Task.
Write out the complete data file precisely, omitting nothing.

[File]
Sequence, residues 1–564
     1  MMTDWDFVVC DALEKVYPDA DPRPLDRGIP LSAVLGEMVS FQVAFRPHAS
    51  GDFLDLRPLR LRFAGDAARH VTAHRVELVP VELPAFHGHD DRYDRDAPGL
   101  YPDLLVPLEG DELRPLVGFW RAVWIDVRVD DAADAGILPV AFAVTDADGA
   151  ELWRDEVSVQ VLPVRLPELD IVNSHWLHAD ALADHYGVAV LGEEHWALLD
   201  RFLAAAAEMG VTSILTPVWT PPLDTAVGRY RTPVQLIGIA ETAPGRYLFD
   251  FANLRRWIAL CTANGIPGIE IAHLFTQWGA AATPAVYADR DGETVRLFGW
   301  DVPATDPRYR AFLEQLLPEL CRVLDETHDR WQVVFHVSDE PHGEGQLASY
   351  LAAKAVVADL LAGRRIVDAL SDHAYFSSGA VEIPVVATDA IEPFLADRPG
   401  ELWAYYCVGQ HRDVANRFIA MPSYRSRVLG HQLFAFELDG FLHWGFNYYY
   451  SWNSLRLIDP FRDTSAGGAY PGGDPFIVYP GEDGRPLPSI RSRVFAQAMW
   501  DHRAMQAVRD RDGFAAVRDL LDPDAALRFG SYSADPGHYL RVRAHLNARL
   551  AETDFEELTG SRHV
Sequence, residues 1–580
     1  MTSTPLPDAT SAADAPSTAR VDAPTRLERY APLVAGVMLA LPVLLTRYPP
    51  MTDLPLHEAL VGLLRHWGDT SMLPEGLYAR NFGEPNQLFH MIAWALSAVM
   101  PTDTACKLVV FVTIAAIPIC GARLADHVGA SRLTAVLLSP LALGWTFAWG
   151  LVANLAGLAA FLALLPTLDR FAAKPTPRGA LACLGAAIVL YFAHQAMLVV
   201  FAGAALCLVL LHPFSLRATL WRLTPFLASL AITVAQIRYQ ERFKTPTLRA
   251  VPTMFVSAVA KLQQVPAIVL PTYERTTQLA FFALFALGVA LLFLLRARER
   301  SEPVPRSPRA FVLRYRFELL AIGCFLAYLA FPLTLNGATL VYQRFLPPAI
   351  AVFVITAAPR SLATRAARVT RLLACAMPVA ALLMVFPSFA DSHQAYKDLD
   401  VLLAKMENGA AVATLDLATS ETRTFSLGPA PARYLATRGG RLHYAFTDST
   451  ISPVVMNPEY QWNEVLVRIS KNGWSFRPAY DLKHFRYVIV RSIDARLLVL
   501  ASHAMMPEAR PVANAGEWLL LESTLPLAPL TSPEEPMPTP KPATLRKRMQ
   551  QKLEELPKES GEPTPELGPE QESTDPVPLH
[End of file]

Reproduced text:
Sequence, residues 1–564
     1  MMTDWDFVVC DALEKVYPDA DPRPLDRGIP LSAVLGEMVS FQVAFRPHAS
    51  GDFLDLRPLR LRFAGDAARH VTAHRVELVP VELPAFHGHD DRYDRDAPGL
   101  YPDLLVPLEG DELRPLVGFW RAVWIDVRVD DAADAGILPV AFAVTDADGA
   151  ELWRDEVSVQ VLPVRLPELD IVNSHWLHAD ALADHYGVAV LGEEHWALLD
   201  RFLAAAAEMG VTSILTPVWT PPLDTAVGRY RTPVQLIGIA ETAPGRYLFD
   251  FANLRRWIAL CTANGIPGIE IAHLFTQWGA AATPAVYADR DGETVRLFGW
   301  DVPATDPRYR AFLEQLLPEL CRVLDETHDR WQVVFHVSDE PHGEGQLASY
   351  LAAKAVVADL LAGRRIVDAL SDHAYFSSGA VEIPVVATDA IEPFLADRPG
   401  ELWAYYCVGQ HRDVANRFIA MPSYRSRVLG HQLFAFELDG FLHWGFNYYY
   451  SWNSLRLIDP FRDTSAGGAY PGGDPFIVYP GEDGRPLPSI RSRVFAQAMW
   501  DHRAMQAVRD RDGFAAVRDL LDPDAALRFG SYSADPGHYL RVRAHLNARL
   551  AETDFEELTG SRHV
Sequence, residues 1–580
     1  MTSTPLPDAT SAADAPSTAR VDAPTRLERY APLVAGVMLA LPVLLTRYPP
    51  MTDLPLHEAL VGLLRHWGDT SMLPEGLYAR NFGEPNQLFH MIAWALSAVM
   101  PTDTACKLVV FVTIAAIPIC GARLADHVGA SRLTAVLLSP LALGWTFAWG
   151  LVANLAGLAA FLALLPTLDR FAAKPTPRGA LACLGAAIVL YFAHQAMLVV
   201  FAGAALCLVL LHPFSLRATL WRLTPFLASL AITVAQIRYQ ERFKTPTLRA
   251  VPTMFVSAVA KLQQVPAIVL PTYERTTQLA FFALFALGVA LLFLLRARER
   301  SEPVPRSPRA FVLRYRFELL AIGCFLAYLA FPLTLNGATL VYQRFLPPAI
   351  AVFVITAAPR SLATRAARVT RLLACAMPVA ALLMVFPSFA DSHQAYKDLD
   401  VLLAKMENGA AVATLDLATS ETRTFSLGPA PARYLATRGG RLHYAFTDST
   451  ISPVVMNPEY QWNEVLVRIS KNGWSFRPAY DLKHFRYVIV RSIDARLLVL
   501  ASHAMMPEAR PVANAGEWLL LESTLPLAPL TSPEEPMPTP KPATLRKRMQ
   551  QKLEELPKES GEPTPELGPE QESTDPVPLH